We use the best and most current research and professional practice alongside feedback from our students to make sure course content is relevant to your future career or further studies.

Therefore, some course content may change over time to reflect changes in the discipline or industry and some optional modules may not run every year. If a module doesn’t run, we’ll let you know as soon as possible and help you choose an alternative module.

A female person in a drama studio, wearing an unzipped hoodie and shirt, singing while staring leftwards

My confidence has ... improved because I’ve been performing on stage more and met so many new people. I’ve constantly been encouraged to try new things that had never crossed my mind before, such as tap dancing and writing for theatre.

Sara Shuhaiber, BA (Hons) Musical Theatre alumna

How you're assessed

You’ll be assessed through:

  • practical performance
  • dramatic writing
  • essays
  • video productions
  • group presentations
  • examinations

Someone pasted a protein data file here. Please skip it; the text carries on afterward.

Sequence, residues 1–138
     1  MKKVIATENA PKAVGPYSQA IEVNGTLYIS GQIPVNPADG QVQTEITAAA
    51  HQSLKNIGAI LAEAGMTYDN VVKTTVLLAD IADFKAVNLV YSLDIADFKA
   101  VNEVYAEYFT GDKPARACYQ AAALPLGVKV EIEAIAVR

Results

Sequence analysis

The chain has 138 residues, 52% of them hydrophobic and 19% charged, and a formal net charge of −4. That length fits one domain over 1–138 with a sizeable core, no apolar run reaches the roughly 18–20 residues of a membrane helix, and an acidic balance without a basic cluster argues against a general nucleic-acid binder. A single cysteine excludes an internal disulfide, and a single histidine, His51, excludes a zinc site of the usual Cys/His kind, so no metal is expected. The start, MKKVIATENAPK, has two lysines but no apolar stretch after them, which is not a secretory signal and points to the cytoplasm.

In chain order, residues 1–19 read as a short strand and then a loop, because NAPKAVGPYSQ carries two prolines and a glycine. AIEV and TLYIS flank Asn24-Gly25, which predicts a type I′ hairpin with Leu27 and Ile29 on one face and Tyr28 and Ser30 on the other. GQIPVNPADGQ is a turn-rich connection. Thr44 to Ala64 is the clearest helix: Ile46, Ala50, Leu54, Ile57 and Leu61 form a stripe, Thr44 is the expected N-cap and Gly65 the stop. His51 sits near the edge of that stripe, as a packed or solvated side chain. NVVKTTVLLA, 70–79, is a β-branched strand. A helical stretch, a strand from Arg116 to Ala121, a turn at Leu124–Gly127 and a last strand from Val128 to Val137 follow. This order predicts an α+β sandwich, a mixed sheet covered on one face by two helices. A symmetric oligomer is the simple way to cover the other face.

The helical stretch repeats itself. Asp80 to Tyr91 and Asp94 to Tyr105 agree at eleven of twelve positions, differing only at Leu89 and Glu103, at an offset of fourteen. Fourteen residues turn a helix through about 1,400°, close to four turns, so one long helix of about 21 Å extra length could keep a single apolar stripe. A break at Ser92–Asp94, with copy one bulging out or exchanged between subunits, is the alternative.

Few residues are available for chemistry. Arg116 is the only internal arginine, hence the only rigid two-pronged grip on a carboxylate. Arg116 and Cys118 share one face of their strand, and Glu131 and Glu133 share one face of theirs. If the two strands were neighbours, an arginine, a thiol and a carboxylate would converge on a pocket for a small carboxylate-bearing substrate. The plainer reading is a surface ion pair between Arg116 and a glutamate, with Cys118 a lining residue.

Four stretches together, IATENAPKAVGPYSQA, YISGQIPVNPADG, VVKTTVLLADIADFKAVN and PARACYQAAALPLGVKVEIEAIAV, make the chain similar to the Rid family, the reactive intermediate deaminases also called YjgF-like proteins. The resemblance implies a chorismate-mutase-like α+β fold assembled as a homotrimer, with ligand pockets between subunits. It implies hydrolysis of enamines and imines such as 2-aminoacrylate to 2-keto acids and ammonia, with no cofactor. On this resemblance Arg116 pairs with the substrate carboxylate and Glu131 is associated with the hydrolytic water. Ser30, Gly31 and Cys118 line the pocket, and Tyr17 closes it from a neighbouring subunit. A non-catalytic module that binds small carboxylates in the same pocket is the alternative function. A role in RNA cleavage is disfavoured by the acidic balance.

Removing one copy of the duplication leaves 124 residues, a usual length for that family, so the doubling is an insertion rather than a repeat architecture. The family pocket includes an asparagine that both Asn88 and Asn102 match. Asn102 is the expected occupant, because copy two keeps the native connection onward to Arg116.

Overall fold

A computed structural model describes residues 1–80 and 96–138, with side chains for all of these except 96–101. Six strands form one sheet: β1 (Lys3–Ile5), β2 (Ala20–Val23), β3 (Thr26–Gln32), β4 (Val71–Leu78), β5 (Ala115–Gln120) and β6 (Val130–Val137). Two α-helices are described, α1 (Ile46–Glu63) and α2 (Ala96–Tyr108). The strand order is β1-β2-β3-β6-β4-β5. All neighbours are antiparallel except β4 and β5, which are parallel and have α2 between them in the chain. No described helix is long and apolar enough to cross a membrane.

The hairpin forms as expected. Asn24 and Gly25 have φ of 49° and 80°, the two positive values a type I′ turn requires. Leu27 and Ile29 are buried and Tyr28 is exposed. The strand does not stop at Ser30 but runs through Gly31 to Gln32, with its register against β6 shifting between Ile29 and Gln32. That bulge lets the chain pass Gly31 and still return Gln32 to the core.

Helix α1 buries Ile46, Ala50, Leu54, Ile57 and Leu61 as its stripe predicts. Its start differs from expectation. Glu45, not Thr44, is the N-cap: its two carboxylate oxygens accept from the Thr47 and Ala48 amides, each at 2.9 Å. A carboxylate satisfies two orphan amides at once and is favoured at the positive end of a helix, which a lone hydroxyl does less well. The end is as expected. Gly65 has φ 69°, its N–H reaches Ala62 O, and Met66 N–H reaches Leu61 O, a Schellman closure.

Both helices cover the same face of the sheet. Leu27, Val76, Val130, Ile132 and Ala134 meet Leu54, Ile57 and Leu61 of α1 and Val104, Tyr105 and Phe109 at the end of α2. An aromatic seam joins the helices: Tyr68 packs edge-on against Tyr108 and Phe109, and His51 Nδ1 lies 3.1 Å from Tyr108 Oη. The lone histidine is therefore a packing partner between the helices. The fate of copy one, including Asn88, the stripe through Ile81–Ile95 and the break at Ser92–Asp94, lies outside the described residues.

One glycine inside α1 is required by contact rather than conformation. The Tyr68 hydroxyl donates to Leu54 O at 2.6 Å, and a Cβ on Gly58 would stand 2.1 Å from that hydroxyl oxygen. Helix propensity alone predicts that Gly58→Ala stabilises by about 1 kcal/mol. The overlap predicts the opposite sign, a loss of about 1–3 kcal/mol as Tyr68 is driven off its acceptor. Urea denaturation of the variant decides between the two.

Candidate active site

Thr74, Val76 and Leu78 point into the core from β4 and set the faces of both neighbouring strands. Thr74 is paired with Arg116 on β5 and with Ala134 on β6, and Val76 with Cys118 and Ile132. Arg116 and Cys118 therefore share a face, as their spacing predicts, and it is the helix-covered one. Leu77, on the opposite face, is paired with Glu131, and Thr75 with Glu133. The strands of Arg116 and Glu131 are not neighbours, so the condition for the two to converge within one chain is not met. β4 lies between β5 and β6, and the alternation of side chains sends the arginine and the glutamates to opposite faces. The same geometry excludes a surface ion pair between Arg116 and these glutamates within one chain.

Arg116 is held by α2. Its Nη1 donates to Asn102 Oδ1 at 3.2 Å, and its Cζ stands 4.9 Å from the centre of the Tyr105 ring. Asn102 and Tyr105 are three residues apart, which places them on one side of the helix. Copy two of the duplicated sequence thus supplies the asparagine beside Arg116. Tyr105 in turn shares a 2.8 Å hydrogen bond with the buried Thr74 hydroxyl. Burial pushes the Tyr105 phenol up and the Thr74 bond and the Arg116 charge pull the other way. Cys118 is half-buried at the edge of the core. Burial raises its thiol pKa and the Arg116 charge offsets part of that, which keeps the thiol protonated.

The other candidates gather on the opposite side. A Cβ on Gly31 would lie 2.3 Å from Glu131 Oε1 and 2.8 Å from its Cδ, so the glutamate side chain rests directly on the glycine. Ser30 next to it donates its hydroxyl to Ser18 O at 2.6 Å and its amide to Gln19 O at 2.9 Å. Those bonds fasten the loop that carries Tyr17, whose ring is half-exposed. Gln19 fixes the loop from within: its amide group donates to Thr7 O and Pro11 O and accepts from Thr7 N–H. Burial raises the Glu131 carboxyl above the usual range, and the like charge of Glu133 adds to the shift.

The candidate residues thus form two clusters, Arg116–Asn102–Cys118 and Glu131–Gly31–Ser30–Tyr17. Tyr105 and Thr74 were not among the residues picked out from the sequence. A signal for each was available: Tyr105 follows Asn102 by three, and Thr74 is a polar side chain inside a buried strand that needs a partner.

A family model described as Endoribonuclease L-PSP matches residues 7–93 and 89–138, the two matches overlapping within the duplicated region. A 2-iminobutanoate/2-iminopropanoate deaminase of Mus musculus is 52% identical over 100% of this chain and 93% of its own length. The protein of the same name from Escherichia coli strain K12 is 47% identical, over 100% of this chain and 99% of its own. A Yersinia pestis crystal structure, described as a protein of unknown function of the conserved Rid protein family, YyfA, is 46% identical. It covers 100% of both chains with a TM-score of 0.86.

• dissertation/project

You’ll be able to test your skills and knowledge informally before you do assessments that count towards your final mark.

You can get feedback on all practice and formal assessments so you can improve in the future.

The way you’re assessed will depend on the modules you select throughout your course. Here's an example from a previous year of how students on this course were typically assessed:

  • Year 1 students: 8% by written exams, 48% by practical exams and 44% by coursework
  • Year 2 students: 57% by practical exams and 43% by coursework
  • Year 3 students: 37% by practical exams and 63% by coursework

Teaching

Teaching methods on this course include:

  • workshops
  • seminars
  • lectures
  • one-to-one tutorials
  • work placement

As well as learning the academic side of musical theatre, there's a strong focus on the practical side of performance. You'll have many opportunities to perform or put on shows both at and outside the University.

This course was the right path for me because not only does it teach me the theoretical element of musical theatre but it also gives me the opportunity to explore the practical side.

Abigail Slocombe, BA (Hons) Musical Theatre

How you'll spend your time

One of the main differences between school or college and university is how much control you have over your learning.

We're planning for most of your learning to be supported by timetabled face-to-face teaching with some elements of online provision. Please be aware, the balance between face-to-face teaching and online provision may change depending on Government restrictions. You'll also do lots of independent study with support from staff and our virtual learning environment, Moodle. Find out more about how our teaching has transformed to best support your learning.